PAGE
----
My involvement in feminism was rooted in two different lines. One was the activism in this group. The second was my sociological studies. I attended a course in the history of thought that was not at the sociology department. We had a wonderful professor with whom I am still in contact. She had a class on the public debate over women's emancipation in Hungary in the 19th century. It was so interesting to hear the discussion. I thought to myself: why should one think that women shouldn't go to university? So I started to think about this process of emancipation. Intellectually it really interested me. At the same time, in Autonomia, there were a lot of discussions about the nature of hierarchical structures and positions and attitudes. Somehow the two things came closer and closer in my mind.

I asked why the sociology department didn't have a course on feminism. And they said, "Why should we?" There were no materials on feminism, no textbooks in Hungarian. But many of my professors had gone abroad on scholarship, so they must have seen these books. You can't do social studies in Western universities without being introduced to one or two books about the theory of gender, the history of feminist thought, or some aspect of this topic. It was a very artificial refusal. All other previously rejected political systems of thought had gradually entered into the discussion. But feminism didn't.

So I started to organize. I organized a study group. Since we didn't have textbooks, we looked for something similar in Hungarian or English and sat together to talk. Later on, I organized a seminar as well. But that was a little bit later. The first important step was when, with a fellow student, we invited university professors to participate in a series of lectures on women and society. It was really interdisciplinary: economics, political science, psychology. Somehow we got this plan accredited. Students from any faculty could come and listen to this course. It was really unique. Maria Adamik, a sociology professor who really supported this idea, helped get the course included in the university curriculum. It was really successful and opened people's minds to these ideas. It was held at a great lecture hall at ELTE University. At that time there was no Internet, but news spread. Women who were interested in this topic from all over Budapest came to hear. Maria Adamik saw this interest and said, "Why don't we form a group that goes on thinking about these questions." That was the first step in forming the Feminist Network.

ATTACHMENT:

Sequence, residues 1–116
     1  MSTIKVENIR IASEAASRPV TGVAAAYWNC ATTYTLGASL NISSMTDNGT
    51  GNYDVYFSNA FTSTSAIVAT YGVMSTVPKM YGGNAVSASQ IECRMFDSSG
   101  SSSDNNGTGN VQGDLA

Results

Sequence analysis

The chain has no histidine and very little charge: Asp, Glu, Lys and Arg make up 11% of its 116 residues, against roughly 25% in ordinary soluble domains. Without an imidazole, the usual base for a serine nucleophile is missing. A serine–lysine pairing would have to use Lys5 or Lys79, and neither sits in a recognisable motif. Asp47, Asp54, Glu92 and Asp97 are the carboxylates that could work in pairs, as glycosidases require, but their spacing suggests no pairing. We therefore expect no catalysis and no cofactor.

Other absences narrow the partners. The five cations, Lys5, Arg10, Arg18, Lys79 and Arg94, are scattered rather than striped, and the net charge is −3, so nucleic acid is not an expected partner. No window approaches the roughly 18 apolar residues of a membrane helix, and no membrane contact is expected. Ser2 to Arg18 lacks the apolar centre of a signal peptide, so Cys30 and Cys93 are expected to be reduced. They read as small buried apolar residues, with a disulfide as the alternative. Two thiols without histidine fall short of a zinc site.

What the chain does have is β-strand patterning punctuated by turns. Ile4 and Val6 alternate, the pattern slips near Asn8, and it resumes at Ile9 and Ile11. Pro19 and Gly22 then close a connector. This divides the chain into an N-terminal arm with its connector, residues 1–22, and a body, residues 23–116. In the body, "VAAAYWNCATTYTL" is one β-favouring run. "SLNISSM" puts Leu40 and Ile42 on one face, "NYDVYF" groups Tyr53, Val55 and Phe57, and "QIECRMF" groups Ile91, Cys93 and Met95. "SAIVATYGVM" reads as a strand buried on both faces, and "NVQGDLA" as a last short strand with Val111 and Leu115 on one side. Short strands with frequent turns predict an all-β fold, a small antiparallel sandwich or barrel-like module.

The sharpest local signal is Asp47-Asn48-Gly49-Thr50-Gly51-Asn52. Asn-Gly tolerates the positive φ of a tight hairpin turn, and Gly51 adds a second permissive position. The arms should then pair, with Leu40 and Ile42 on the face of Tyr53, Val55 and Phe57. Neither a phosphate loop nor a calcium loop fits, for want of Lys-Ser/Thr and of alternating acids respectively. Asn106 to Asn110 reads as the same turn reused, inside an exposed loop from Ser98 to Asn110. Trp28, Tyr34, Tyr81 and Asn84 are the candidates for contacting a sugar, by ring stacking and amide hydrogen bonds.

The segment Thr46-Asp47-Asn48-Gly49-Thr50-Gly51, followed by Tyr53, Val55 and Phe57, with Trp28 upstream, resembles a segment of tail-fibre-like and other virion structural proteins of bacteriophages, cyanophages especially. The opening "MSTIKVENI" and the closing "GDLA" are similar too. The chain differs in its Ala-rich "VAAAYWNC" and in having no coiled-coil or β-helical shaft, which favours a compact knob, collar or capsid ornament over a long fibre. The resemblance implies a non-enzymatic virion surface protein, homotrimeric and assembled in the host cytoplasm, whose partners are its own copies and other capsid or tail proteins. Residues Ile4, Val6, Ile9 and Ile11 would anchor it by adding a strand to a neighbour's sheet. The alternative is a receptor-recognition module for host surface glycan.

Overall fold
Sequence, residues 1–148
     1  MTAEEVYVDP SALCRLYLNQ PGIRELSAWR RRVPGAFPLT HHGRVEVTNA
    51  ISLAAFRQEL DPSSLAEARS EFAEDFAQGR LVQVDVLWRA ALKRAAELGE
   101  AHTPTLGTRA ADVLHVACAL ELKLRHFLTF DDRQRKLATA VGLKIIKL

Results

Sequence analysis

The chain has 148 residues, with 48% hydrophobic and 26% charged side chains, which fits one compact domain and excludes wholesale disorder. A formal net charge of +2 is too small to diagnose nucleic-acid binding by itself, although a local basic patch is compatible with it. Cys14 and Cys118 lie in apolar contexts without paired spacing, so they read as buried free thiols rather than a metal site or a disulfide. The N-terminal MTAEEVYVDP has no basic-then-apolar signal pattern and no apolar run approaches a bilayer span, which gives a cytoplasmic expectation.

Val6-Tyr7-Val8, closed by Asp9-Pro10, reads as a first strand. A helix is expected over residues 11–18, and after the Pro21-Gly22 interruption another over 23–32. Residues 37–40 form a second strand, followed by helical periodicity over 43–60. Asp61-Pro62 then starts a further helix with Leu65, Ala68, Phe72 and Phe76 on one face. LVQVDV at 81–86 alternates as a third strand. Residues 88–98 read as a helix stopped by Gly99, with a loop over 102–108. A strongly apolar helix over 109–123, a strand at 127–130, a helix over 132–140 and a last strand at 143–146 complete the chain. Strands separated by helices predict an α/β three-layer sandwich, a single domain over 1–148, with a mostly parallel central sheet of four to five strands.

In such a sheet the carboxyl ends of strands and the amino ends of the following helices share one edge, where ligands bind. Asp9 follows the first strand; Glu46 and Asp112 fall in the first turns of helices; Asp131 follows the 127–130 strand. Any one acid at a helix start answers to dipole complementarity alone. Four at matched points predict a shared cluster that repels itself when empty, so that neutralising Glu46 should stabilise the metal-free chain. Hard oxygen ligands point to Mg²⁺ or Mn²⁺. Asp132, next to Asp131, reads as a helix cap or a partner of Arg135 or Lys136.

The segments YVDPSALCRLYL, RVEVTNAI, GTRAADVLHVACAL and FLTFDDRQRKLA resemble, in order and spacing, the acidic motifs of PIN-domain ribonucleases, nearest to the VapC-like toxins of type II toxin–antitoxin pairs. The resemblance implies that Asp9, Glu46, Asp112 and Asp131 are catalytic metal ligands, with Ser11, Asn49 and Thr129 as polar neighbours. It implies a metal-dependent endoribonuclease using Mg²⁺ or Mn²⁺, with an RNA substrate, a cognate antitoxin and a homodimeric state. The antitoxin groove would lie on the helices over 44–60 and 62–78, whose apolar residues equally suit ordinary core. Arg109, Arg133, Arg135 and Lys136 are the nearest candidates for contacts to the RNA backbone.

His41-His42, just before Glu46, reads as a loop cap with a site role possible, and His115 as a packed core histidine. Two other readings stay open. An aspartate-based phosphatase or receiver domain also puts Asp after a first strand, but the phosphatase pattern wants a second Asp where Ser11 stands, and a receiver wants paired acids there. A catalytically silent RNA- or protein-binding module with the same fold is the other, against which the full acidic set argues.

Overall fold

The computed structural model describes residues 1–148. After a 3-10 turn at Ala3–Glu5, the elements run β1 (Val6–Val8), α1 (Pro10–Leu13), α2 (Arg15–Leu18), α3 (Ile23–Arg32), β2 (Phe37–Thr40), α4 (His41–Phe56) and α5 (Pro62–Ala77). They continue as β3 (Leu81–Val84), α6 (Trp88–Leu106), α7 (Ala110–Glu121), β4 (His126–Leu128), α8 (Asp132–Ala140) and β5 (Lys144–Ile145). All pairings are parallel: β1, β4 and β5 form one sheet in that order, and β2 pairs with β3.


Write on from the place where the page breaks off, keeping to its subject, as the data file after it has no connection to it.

So, there was a lot of discussion and work preparing seminars. Was there also an activist component?

I forgot to say something. In the group Autonomia, we met a woman Antonia Burrows who came from Great Britain and lived a long time in Germany. Somehow she dropped the topic of feminism into that circle, and people said, "Oooh, really, that's weird!" Probably when I started to deal with emancipation in sociology, I wouldn't have called it feminism. Women's history, maybe. But Antonia was the one who framed the issues as feminist. This was the activist line. The Feminist Network was gradually moving out of university circles. In the beginning of the 1990s, this activist group was meeting more and more regularly. Every month we had a club with open lectures, discussions, and so on. Later, we saw that once we called it feminism and activism, we became more isolated from the intellectual side, which was painful for me given my sociological studies and later research. I thought I could combine the two, but I felt marginalized in those years.

Do you remember activist events that were particularly dramatic?

During the few years of the existence of this network, we didn't really become widely known. But in a certain circle of people who were open to it, we managed to raise certain issues in the public mind. For example, I remember a pro-choice campaign. There was also a pacifist action during the wars in the former Yugoslavia that linked up with the Women in Black movement. It was really dramatic. Every week we went to a main square and wore black, just standing there silently for an hour. Also, we did several actions against violence against women. And activists in the Feminist Network put together the first hotline for battered women. It was called NANE. It still exists today, and it provides a really professional service.

That lasted until the mid-1990s. Somehow after that, the group dissolved. We had so many dreams. We wanted a women's center with a cafe and library as you see in Berlin or elsewhere. Those were the models in our head. We also joined some initiatives that supported and provided information for women who wanted to run as candidates.

Has the situation for women changed for the better in Hungary when it comes to the level of sexism and sexual violence or the general consciousness of average Hungarians about women's status in society or the participation rate of women in society or the pay differential between women and men?

For the rest of the interview, click here.